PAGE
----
A lawsuit that has altered the city of Los Angeles’ policies on seizing the property of homeless people in Skid Row, was scheduled to be discussed behind closed doors on Wednesday by the Los Angeles City Council, which could move to end or extend the legal battle.
The city has long struggled with how to clean up and regulate homeless encampments, and in 2016 passed a law that would limit the amount of belongings a homeless person could store on the sidewalk to 60 gallons. But not long after, in response to a lawsuit, a federal judge issued a preliminary injunction barring Los Angeles police and sanitation officers from seizing and destroying homeless people’s property in and near Skid Row.
U.S. District Court Judge S. James Otero also ordered the city to segregate and store impounded belongings where they can be recovered, and the increased regulation has led to an escalation of the size of homeless encampments in Skid Row, where thousands of homeless people are located. The city is allowed to confiscate or destroy contraband, crime evidence, and hazardous material or rat-infested property posing public health and safety issues.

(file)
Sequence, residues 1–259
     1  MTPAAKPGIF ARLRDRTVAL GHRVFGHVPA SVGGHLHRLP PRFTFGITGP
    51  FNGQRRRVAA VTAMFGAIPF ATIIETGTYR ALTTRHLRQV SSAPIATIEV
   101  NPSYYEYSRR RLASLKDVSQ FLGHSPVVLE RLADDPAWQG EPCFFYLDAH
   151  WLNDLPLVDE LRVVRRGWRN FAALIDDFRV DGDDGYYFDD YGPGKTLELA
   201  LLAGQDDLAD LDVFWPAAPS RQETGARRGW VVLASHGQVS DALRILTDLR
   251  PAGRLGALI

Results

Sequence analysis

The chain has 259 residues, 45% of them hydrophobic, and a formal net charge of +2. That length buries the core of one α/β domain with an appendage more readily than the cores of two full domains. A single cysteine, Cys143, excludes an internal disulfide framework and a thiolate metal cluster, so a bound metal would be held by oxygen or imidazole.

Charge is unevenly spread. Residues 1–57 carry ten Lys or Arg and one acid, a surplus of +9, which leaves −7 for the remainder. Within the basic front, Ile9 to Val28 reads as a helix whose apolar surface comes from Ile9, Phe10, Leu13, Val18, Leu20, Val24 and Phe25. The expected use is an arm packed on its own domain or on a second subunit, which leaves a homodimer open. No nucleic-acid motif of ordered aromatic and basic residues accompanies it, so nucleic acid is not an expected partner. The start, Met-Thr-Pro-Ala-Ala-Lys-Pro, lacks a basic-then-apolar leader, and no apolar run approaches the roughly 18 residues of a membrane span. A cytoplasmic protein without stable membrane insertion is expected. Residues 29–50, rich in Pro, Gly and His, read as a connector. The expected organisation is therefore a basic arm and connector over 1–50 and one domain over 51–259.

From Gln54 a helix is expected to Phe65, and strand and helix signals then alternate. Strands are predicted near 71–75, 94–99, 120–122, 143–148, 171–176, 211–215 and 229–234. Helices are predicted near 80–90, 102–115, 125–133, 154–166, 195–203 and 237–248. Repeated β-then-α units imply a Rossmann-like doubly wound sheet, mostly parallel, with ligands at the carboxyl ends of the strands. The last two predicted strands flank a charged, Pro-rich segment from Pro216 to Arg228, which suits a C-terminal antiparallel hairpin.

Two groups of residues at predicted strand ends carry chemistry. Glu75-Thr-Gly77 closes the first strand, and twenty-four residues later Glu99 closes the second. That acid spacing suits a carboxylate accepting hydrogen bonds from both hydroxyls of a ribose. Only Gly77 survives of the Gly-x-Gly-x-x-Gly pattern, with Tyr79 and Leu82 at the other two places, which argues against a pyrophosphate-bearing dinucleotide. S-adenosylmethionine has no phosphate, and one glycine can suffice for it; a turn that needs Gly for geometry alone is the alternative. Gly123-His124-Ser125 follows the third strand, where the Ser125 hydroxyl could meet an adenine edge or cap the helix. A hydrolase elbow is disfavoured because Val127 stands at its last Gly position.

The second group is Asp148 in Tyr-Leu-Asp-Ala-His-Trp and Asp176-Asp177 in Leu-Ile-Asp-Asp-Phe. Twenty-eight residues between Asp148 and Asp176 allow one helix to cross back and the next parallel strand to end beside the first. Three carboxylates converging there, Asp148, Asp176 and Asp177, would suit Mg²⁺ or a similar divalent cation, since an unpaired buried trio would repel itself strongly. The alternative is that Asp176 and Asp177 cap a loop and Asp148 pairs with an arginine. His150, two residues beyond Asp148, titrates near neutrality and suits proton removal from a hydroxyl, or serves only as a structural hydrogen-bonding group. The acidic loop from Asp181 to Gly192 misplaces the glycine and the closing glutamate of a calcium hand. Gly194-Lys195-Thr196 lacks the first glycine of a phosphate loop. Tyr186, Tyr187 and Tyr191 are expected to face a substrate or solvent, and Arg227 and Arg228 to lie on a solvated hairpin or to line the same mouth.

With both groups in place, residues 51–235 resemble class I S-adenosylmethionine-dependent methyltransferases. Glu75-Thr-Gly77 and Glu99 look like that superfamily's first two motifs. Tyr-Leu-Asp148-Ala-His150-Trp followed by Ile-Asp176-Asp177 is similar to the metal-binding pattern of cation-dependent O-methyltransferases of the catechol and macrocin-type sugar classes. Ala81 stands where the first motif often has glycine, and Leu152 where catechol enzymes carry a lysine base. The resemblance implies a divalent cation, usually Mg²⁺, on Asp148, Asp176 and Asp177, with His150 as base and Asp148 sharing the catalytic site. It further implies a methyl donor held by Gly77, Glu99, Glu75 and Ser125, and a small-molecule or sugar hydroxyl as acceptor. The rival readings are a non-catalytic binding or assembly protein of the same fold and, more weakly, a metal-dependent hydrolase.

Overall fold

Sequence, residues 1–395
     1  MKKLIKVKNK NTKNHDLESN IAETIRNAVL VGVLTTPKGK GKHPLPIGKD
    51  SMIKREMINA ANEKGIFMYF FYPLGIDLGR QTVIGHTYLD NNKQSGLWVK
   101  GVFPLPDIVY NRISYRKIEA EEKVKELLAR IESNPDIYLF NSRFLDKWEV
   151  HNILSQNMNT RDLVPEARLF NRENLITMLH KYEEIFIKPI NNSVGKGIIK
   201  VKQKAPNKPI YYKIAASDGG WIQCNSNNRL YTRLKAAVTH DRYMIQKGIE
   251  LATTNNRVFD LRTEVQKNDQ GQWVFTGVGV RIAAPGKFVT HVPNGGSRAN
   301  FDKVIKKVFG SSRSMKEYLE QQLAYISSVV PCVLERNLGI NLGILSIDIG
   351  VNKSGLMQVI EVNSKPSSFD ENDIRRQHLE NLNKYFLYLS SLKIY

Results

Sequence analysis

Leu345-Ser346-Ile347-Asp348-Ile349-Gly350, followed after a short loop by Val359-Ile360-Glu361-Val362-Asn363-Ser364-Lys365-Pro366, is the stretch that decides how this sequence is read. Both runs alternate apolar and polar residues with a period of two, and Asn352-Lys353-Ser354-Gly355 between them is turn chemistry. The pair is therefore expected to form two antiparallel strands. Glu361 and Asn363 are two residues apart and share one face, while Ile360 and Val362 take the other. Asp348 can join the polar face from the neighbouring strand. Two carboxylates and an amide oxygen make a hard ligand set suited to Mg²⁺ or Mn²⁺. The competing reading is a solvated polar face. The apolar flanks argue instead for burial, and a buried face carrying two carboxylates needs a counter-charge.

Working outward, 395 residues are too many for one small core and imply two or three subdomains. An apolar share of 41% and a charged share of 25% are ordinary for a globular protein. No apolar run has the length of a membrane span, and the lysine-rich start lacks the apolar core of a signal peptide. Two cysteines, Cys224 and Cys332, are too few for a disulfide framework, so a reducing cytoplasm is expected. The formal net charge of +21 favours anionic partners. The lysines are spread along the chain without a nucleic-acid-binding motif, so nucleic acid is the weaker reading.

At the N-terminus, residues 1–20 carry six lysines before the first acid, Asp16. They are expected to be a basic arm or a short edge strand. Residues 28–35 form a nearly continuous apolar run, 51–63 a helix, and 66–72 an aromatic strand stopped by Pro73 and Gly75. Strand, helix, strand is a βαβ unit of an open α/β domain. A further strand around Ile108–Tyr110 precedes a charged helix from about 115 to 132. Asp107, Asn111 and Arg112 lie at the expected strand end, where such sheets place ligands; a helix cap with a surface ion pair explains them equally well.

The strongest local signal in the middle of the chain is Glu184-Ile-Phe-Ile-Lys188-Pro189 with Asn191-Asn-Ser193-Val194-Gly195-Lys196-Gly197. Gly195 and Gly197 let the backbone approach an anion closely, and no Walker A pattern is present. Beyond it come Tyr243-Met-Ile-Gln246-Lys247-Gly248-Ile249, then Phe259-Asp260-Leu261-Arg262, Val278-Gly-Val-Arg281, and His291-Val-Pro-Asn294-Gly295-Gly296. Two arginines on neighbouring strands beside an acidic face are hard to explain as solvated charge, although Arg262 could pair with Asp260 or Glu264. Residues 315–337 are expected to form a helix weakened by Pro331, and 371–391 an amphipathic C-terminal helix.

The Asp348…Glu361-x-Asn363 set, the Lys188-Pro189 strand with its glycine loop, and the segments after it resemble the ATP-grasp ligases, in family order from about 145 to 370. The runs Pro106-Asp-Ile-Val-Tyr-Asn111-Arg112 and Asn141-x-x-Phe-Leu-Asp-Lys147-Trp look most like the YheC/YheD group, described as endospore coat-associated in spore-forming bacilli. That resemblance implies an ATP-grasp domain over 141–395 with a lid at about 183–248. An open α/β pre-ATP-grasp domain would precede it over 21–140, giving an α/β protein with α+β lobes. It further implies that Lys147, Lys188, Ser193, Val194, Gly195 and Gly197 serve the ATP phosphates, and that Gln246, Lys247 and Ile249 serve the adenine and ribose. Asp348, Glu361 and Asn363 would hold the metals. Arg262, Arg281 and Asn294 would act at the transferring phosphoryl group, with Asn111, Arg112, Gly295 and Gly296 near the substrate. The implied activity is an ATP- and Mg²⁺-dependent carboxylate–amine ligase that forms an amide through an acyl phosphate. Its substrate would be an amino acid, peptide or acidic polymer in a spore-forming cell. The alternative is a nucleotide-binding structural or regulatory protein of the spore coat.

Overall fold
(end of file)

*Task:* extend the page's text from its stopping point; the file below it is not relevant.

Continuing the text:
The closed City Council session on the lawsuit also comes as the city has been fighting an outbreak of typhus, which has not only impacted the Skid Row area but may have also found its way inside City Hall, as an employee at City Hall East contracted typhus late last year and said she believes it was from being bitten by fleas in her office.
During comments on the council chamber floor in a recent City Council meeting, Councilman Joe Buscaino pointed to the Mitchell ruling as being partly responsible for the typhus outbreak as it has led to a significant increase in homeless encampments in downtown.
“That injunction is prohibiting our outreach workers from getting to our most vulnerable homeless population in and around the downtown area. So rats are a symbol of this injunction,” he said.
Typhus is not transmitted person-to-person, and flea-borne typhus can spread to people from infected fleas and their feces. Typhus infection can be prevented through flea control measures on pets, using insect repellent to avoid flea bites, and clearing areas that can attract wild or stray animals like cats, rats and opossums, according to the Department of Public Health.
Symptoms of typhus include high fever, chills, headache, muscle aches and rash and can be treated with antibiotics.
The City Council is scheduled to meet with members of the City Attorney’s Office to discuss the lawsuit and would make a public announcement if it any decisions are reached.